Tuesday, November 10, 2009


This morning on CNN, I heard Michigan Rep. Pete Hoekstra say that he believes the attack on Fort Hood is a terrorist attack, but not in the vein of Timothy McVeigh's Oklahoma City bombing. I'm perplexed as to why not, but that's not the issue that I want to deal with here.

First, I believe this shooting was horrible and inexcusable and my heart goes out to the families that were touched by it.

Although I know there are more complex factors involved in Nidal Hasan's attack, what I want to address here is the issue of bullying. Reports have stated that Hasan had been harassed by his fellow officers and he'd complained about it prior to the shooting. This man is a grown man and should more effectively deal with harassment, but this situation highlights the problem bullying has become.

It seems to me that victims of bullying are no longer accepting it. They are not having a Revenge of the Nerds reaction in which they come up with a rousing "We are one" speech to win over their enemies. Instead, they are all Carrie. So, I am perplexed as to why (1) people keep bullying others and (2) they are coming up with meaner, yet more sophisticated methods by which to do it (e. g. cyberbullying).

We have got to teach our kids to stop being so mean to others because with these mass shootings, it is not only dangerous to them, it is dangerous to everyone.
I mean, really, what's going on here?


evenshine said...

First, I don't think ANYONE is teaching their kids to be mean. I mean, I have doubts about my sanity sometimes, but I am always careful how I personally deal with bullies, so that my reactions are learned and reflected by my kids.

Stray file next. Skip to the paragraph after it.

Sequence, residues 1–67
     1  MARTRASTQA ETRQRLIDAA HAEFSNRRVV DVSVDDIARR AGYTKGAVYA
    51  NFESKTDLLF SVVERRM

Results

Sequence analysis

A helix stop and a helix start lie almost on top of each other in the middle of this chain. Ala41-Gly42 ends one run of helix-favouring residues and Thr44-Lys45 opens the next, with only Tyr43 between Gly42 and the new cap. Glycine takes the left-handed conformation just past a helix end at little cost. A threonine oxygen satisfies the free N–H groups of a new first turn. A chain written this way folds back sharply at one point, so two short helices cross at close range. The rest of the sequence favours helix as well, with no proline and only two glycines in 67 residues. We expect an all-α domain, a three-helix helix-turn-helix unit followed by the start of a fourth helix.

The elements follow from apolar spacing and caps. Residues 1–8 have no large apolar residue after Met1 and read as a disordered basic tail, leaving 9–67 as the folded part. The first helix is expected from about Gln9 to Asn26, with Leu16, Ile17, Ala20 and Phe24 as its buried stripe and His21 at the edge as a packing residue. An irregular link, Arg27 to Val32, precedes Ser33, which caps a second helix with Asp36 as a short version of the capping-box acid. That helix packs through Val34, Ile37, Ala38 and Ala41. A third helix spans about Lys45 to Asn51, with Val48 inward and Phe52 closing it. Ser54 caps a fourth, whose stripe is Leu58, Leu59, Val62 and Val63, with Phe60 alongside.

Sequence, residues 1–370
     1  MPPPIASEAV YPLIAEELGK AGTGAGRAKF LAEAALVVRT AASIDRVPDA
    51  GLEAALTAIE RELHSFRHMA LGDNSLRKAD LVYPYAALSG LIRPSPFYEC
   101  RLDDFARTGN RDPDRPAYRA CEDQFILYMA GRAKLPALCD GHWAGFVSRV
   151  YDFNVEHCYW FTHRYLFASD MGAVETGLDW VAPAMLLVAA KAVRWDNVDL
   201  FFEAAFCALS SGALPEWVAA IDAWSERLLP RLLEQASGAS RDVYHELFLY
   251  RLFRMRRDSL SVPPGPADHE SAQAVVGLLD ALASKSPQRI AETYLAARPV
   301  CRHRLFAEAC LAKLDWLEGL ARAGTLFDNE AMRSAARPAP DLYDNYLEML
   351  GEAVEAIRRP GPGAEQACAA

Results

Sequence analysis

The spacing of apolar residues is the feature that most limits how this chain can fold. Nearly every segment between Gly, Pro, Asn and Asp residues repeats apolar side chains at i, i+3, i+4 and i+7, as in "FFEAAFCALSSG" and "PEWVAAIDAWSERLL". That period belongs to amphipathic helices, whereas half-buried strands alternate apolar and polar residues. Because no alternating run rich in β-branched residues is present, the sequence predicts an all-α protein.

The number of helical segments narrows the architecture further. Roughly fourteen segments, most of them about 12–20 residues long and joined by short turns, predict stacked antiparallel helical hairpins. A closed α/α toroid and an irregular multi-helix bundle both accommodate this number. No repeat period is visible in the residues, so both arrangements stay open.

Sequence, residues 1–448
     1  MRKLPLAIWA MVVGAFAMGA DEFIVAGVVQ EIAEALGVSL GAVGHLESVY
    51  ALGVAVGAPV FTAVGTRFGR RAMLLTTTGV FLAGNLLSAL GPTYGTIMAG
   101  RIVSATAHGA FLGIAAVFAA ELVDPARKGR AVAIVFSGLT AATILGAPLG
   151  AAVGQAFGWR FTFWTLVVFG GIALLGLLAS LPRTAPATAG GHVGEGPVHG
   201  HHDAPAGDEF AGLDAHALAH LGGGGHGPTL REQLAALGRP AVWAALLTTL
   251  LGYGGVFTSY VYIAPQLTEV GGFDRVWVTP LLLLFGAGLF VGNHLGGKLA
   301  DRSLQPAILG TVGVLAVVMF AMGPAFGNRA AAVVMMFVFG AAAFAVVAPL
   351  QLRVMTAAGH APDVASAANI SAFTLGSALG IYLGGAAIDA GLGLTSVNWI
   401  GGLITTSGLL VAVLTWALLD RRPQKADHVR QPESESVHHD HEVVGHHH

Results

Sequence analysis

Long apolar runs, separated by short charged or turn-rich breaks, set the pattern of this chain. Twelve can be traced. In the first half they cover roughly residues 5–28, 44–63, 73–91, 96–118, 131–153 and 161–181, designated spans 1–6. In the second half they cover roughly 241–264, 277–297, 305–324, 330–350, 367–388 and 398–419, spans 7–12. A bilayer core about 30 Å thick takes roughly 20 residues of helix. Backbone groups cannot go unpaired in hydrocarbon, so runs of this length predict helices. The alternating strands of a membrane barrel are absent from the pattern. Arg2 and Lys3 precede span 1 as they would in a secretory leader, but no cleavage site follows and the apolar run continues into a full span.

Just my two cents, but "these things are happening" because all people are inherently flawed, and they don't have any recourse when they are at their wits' end. Some are not taught how to deal with their frustrations, and some never saw disputes settled amicably. Some have mental problems, imbalances in hormones, or medical conditions that move them to do things they shouldn't.

I think (sane) people bully because they feel powerless, and the use/abuse of power is one of the things that makes this world turn.

And so we teach our kids as best we can, and try and protect them, but we tend to overlook the Nidal Hasans of this world. Maybe that's where we need to start: compassion.

The Diva said...

I agree that people are not teaching kids to be mean, but we need to be actively teaching them to NOT be mean. I suppose part of the solution is to start with compassion and work diligently to instill that in our children.

But I am still perplexed and frustrated because young people, adults, whoever, have always been inherently flawed, there have always been people who felt powerless or who have had mental problems, etc. etc. What's different now? Is it just that this bullying as a problem is only now coming to light? Or are we just meaner as a society? (Some have argued that our technology creates a distance between us as human beings and lack of community is the result.) Why, unless there is a collective tragedy, do we seem less compassionate toward other human beings?

Justin Narin said...

Bullying is really getting out of hand. It has got to stop fast!

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